If Kenya had a well thought out strategy of non-appearance as have other states such as Pakistan had in the Marshall Islands case (in which they were successful), it would have declared non-appearance from the onset and given its positional papers then instead of wasting tax payers’ money in legal fees, hiring expensive legal counsels in Geneva and the US for millions of dollars. This would have placed Kenya at a better position as the Court could have had to consider counterarguments against Somalia. This would therefore have served Kenya’s best interest better and in the process helped it save on legal costs.
Non-appearance has in the past to upset the members of the court or tribunal adjudicating a case, thereby jeopardizing any goodwill they might have towards the non-participating State. In the Electricity Company of Sofia and Bulgaria case, the Permanent Court of International Justice (PCIJ) justified its indication of provisional measures in part by referring to “the successive postponements and resulting delays” caused by Bulgaria. Also, in the Corfu Channel case, the ICJ cited Albania’s non-participation in the earlier phases in explaining why it refused to grant Albania an extension of the time-limit for submitting written observations on the expert report.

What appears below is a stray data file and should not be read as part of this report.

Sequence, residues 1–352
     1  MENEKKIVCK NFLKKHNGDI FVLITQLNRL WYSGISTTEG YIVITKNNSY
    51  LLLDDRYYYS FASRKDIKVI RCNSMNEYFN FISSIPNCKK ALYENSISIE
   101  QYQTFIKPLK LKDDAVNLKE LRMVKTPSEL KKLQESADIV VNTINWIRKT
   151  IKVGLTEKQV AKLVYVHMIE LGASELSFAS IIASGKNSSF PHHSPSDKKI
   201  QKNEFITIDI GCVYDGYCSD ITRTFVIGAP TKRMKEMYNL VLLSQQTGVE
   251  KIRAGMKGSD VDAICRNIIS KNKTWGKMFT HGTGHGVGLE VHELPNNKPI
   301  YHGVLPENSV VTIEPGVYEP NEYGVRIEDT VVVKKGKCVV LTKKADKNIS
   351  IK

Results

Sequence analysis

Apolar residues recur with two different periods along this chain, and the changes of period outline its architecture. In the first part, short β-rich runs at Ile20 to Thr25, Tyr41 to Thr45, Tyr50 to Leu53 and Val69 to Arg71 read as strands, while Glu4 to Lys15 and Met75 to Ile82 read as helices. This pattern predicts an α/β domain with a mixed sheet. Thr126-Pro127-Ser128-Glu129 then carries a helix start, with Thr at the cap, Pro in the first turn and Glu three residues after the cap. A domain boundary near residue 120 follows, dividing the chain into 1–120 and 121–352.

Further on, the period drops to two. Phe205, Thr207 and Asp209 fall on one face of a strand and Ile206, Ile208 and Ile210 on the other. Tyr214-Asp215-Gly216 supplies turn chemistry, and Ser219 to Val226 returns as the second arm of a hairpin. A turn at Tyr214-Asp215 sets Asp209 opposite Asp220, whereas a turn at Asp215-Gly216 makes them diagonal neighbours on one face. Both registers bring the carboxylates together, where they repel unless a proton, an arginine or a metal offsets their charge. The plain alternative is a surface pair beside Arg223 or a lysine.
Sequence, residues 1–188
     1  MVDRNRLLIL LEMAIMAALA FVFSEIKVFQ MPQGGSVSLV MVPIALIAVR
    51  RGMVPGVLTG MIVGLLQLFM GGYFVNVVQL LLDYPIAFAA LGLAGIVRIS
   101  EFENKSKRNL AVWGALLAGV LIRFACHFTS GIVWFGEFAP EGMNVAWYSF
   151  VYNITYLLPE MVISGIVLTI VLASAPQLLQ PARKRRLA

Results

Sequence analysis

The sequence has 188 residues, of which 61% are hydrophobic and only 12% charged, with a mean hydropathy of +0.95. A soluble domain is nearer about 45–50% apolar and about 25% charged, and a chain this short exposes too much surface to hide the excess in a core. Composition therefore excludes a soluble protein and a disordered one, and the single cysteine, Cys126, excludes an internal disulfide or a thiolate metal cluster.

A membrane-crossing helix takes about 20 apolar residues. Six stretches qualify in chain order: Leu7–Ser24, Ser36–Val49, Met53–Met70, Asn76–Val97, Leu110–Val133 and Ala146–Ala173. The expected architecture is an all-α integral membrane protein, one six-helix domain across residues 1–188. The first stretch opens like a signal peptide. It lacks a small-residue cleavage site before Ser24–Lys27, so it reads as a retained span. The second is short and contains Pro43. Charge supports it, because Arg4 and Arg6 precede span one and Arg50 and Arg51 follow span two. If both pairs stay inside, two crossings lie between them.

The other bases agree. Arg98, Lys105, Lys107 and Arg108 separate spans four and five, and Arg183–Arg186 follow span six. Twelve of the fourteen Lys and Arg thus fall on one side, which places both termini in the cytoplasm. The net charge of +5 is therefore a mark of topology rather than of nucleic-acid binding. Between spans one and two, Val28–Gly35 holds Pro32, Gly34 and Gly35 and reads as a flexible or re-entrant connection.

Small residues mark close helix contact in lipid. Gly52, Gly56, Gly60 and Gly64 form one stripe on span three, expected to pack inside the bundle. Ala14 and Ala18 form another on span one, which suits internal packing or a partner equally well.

III. Withdrawal of Compulsory Jurisdiction
As if the non-appearance was not already enough drama, on the 24 September 2021 when the court announced that it would deliver its judgement on the 12 October 2021; the Government of Kenya notified the Secretary-General of the withdrawal of its declaration under Article 36(2) of the ICJ Statute. In a statement by the Kenyan ministry of foreign affairs, Kenya argued that, “the delivery of the judgement will be the culmination of a flawed judicial process that Kenya has had reservations with, and withdrawn from.” Further, the statement states that ‘as a sovereign nation, Kenya shall no longer be subjected to an international court or tribunal without its express consent.’ Article 36(2) of the Statute to the ICJ allows parties, by declaration, to recognize the Court's compulsory jurisdiction in certain classes of international legal disputes. The Court may exercise compulsory jurisdiction over only those states which have expressly consented. When a state deposits a declaration with the Secretary-General of the United Nations in accordance with Article 36(2), it immediately has the right to institute proceedings against other states which are parties to the system, and the obligation to submit to the Court's jurisdiction when it is invoked by such other states. In effect, consent to Article 36(2) is tantamount to a waiver of a state's absolute sovereignty.